Clinical Trial Evidence
One of the major points that caught my eye was the inclusion of Clinical
Trial Evidence in this meta-analysis. Clinical trial evidence should do a better job of elucidating reality since we can control better for the variation and individual selection biases and other confounders.
I foolishly assumed that because the paper said:
We identified 13 cohort, 3 nested case–control and two clinical trial studies.
that I might find clinical trial studies on the relationship between processed red meat consumption and breast cancer rates. Instead:
- Clincial trial on citation 16: did not appear to be a clinical trial of anything. Used a Food Frequency Questionnaire. All endpoints had p=0.05 — magic, right?
- Clinical trial on citation 33: SUVIMAX randomized participants to an antioxidant supplement, and used a Food Frequency Questionnaire to measure dietary intakes. Had this gem:
Breast cancer risk was directly associated with processed meat intake [hazard ratio (HR)Q4vsQ1=1.45 (0.92-2.27), Ptrend=0.03] and this association was stronger when excluding cooked ham [HRQ4vsQ1=1.90 (1.18-3.05), Ptrend=0.005].
This is literally the definition of p-hacking. Original endpoint was null. And it would suggest that cooked ham has a protective effect. Shall we go championing this new conclusion to the world?
So tl;dr no RCT data. Just more FFQ which was done during unrelated RCT.
Selection Bias on SUVIMAX
I’ll just explain what happened. Referencing figure 3:
Notice that the largest trial by magnitude is SUVIMAX. But remember a few seconds ago we saw that SUVIMAX data showed a null result. How do they get such large RR?
Simple: they used only the control group of the stratified analysis, rather than the overall metric which was null:
In stratified analyses, processed meat intake was directly associated with breast cancer risk in the placebo group only [HRQ4vsQ1=2.46 (1.28-4.72), Ptrend=0.001], but not in the supplemented group [HRQ4vsQ1=0.86 (0.45-1.63), Ptrend=0.7].
- In selecting this metric, they “created” the largest outlier in the study data.
- It does not strike me as common practice to perform this sort of exclusion when the overall data, which was comparing FFQ to breast cancer, were aligned with the question at hand.
- If we take the SUVIMAX study at face value, any and all of this horrifying effect can be negated with a low-dose antioxidant supplement. For those who consumed a low-dose antioxidant supplement, processed meat has no effect, or to use this meta-analysis’ parlance, the rate of cancer decreased not significantly by 14%.
I don’t like this. Had they taken the overall result the net would have been even closer to the threshold of statistical significance.
Though redoing their average, it may be that the chart is incorrect, as I get 1.10 when I plug in the numbers as shown. Either the data is wrong or they’re using some funny mathematical average? Maybe someone can help me here.
Conflict of interest or agenda?
As I was showing this to a friend, I said “also want to bet that the lead author works for the Harvard School of Public Health?”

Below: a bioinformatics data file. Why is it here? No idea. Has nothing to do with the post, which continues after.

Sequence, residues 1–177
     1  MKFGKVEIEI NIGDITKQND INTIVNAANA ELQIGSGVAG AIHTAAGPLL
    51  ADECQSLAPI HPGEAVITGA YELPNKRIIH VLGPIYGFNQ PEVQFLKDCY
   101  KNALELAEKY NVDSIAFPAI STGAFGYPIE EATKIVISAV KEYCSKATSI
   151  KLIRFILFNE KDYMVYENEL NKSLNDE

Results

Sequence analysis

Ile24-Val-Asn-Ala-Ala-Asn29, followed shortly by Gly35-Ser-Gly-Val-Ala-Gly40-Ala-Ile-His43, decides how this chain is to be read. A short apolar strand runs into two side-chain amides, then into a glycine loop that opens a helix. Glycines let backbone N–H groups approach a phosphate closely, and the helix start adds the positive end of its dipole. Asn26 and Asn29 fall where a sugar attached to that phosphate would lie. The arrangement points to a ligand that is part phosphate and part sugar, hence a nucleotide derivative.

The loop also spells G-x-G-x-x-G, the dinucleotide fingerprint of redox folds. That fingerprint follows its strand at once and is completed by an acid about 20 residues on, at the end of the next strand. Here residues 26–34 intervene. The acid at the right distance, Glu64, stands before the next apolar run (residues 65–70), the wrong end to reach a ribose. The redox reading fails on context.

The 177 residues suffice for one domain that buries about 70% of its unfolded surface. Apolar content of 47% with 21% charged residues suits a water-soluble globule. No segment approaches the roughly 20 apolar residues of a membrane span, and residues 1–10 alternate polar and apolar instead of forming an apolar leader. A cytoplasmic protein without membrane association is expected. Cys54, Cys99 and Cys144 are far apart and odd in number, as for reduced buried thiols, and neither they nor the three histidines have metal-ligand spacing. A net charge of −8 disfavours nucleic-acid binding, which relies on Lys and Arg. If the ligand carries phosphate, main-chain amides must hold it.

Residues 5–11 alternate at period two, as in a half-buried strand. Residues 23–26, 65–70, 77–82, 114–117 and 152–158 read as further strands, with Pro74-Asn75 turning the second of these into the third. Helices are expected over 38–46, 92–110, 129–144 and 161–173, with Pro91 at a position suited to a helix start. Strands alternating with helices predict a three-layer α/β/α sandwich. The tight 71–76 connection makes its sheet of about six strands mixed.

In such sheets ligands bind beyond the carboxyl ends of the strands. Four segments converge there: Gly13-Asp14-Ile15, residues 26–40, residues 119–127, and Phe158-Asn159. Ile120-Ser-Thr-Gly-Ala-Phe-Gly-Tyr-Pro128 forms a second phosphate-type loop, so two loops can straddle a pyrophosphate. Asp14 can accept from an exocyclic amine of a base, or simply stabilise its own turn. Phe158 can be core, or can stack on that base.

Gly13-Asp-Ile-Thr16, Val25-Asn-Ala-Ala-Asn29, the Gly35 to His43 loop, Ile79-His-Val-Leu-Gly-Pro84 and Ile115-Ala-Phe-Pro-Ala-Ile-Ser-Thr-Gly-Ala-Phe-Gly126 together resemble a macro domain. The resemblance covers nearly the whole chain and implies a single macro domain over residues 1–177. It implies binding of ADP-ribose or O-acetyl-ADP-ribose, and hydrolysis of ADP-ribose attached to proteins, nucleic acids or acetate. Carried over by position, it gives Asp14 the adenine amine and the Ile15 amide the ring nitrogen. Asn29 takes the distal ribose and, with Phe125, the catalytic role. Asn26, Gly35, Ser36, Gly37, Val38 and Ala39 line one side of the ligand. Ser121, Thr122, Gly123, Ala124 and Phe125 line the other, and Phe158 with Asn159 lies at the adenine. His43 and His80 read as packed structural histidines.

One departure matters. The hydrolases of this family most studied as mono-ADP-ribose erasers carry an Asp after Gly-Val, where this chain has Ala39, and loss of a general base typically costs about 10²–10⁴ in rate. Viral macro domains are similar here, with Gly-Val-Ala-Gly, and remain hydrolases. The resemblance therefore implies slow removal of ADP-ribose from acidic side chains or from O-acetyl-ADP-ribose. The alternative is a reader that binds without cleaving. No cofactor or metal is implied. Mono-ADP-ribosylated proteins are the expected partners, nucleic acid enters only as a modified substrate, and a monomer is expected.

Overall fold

Sure enough, a google search indicates lead author is (drumroll please) Maryam Farvid of the Harvard TH Chan School of Public Health.
Just a quick glance over the titles of her paper history:
- Farvid MS, Eliassen AH, Cho E, Liao X, Chen WY, Willett WC. Dietary fiber intake in young adult and breast cancer risk. Pediatrics. 2016. 137:1-11.
- Farvid MS, Chen WY. Adolescent diet and breast cancer risk. Curr Nutr Rep. 2016.
- Farvid MS, Eliassen AH, Cho E, Chen WY, Willett WC. Adolescent and early adulthood dietary carbohydrate quantity and quality in relation to breast cancer risk. CEBP. 2015; 24:1111-20.
- Farvid MS, Cho E, Chen WY, Eliassen AH, Willett WC. Adolescent meat intake and breast cancer risk. IJC. 2015;136:1909-20.
Does this look like a neutral observer well qualified to make an independent assessment in a meta-analysis? Is it possible she has…an agenda? That maybe her career has been built around this assumption?
The authors did note publication bias:
A few limitations of our study should be considered. As in any meta‐analysis, publication bias is possible. However, we did not observe significant publication bias for either red meat or processed meat.
Not entirely sure what this is supposed to mean…
Although most of the studies adjusted for major breast cancer risk factors, as with most observational studies, we cannot exclude the possibility of residual confounding.
Ok, doing well, admitting that we can’t really be sure of these results. Really should be more prominently featured if p= ~0.05.
In the majority of studies, because diet was assessed using an FFQ, the under‐ or over‐reporting of the amount of food groups could cause measurement error. However, since this equally may affect cases and noncases, likely estimates will be biased toward the null, so actual effect sizes might be larger than we observed here.
What? I guess they’re trying to argue that the statistical error introduced by the FFQ biases towards null… ok… don’t buy it. Implies characteristics about the nature of FFQ error without justification. Smells like a bullshit.
Moreover, we compared the highest level of intake vs. the lowest, but levels of intake do not match sometimes. In some studies, processed poultry was included in processed meat and total red meat.
Oh lord…definitely no mismangling here which could change our conclusions!
I’m thoroughly impressed at how bad science is these days.